But a win is a win and Woodley was huge in the clutch. There is still some hope, but those missed opportunities will have to be hits come Sunday and/or playoffs.

The Taxidermist said...

Nothing new for the Ravens. They've been killing themselves with penalties all year. Did anybody watch the Green Bay/Baltimore game? There was like 300 penalties in that game. Both the Packers and the Ravens are terrible when it comes to penalties.

okel dokel said...

A win is a win, but this one is downright embarassing.

I think we need to run more empty sets...not. It is a guaranteed sack every time.

The Taxidermist said...

I notice that you didn't post what the Steelers would need in order to make the postseason but looking at it, it's very very possible.

The games that concern the Steelers (besides the Dolphins game) is:


The Steelers would need to win of course and then any of the following scenarios:
1) New England beats Houston and Oakland beats Baltimore
2) New England beats Houston and Cincinnati beats NY Jets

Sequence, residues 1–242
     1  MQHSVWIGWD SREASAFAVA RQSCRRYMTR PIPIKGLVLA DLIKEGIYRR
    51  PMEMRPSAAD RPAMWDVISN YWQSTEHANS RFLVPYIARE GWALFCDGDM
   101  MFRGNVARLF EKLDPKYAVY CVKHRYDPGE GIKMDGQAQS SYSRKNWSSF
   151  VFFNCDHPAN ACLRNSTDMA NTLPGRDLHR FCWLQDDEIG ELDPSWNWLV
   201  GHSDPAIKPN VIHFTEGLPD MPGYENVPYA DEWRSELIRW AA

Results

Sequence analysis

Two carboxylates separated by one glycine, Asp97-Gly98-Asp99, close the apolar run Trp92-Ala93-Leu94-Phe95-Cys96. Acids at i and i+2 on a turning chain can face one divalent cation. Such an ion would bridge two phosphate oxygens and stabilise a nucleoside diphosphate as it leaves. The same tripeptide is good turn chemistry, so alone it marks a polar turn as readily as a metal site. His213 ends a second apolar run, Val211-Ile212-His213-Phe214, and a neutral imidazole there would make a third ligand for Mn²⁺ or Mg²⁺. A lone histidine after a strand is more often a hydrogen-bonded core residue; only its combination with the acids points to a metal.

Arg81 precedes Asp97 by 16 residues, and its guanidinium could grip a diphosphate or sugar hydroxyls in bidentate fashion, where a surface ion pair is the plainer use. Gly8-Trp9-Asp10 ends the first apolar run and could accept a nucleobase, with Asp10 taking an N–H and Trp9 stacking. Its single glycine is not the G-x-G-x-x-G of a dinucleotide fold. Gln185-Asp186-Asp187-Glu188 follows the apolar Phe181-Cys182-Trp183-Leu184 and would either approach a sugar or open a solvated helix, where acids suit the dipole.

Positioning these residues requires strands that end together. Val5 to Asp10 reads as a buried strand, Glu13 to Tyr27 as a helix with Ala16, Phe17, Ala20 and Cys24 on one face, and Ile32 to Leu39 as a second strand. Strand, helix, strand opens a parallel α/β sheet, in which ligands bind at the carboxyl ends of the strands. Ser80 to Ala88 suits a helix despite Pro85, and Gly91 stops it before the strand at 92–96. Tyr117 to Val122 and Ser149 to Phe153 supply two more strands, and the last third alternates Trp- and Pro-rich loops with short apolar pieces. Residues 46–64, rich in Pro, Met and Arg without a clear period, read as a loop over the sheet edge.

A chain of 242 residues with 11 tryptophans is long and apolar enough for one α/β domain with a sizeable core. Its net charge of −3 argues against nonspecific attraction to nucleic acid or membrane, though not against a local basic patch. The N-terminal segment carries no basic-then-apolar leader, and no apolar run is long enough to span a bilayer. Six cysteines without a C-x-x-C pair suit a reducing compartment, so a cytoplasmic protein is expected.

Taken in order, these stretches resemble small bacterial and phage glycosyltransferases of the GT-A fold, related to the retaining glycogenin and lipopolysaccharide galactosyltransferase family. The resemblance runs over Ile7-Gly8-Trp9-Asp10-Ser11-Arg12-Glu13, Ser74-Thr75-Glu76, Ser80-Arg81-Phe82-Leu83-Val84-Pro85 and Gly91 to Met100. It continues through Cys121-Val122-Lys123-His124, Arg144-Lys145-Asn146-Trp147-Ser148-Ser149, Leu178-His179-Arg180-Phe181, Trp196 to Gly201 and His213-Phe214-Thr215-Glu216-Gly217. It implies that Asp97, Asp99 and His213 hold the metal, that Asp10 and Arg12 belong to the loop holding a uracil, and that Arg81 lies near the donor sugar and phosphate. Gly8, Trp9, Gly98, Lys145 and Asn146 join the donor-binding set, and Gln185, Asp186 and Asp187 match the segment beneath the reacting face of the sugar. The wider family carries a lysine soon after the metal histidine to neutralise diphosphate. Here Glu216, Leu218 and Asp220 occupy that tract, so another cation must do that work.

3) Oakland beats Baltimore, Kansas City beats Denver, and Cincinnati beats NY Jets.

I'd say the most likely scenario is that the Pats beat Houston and Cincinnati beats the Jets. I don't see the Ravens losing to the Raiders (irony noted), and I don't see the Broncos losing to Chiefs (irony once again noted).

I'm not expecting them to make the playoffs. The Steelers certainly don't deserve to make it. However, it would be nice for them to make it. You never know. Just remember the playoff run from a few years ago.

Louis Lipps no longer accepts my phone calls... said...

Big Ben WILL suffer sacks on 3rd down in empty AND single back sets. Twice I saw Arians have the sense to go max-protect with two backs flanking Ben I believe.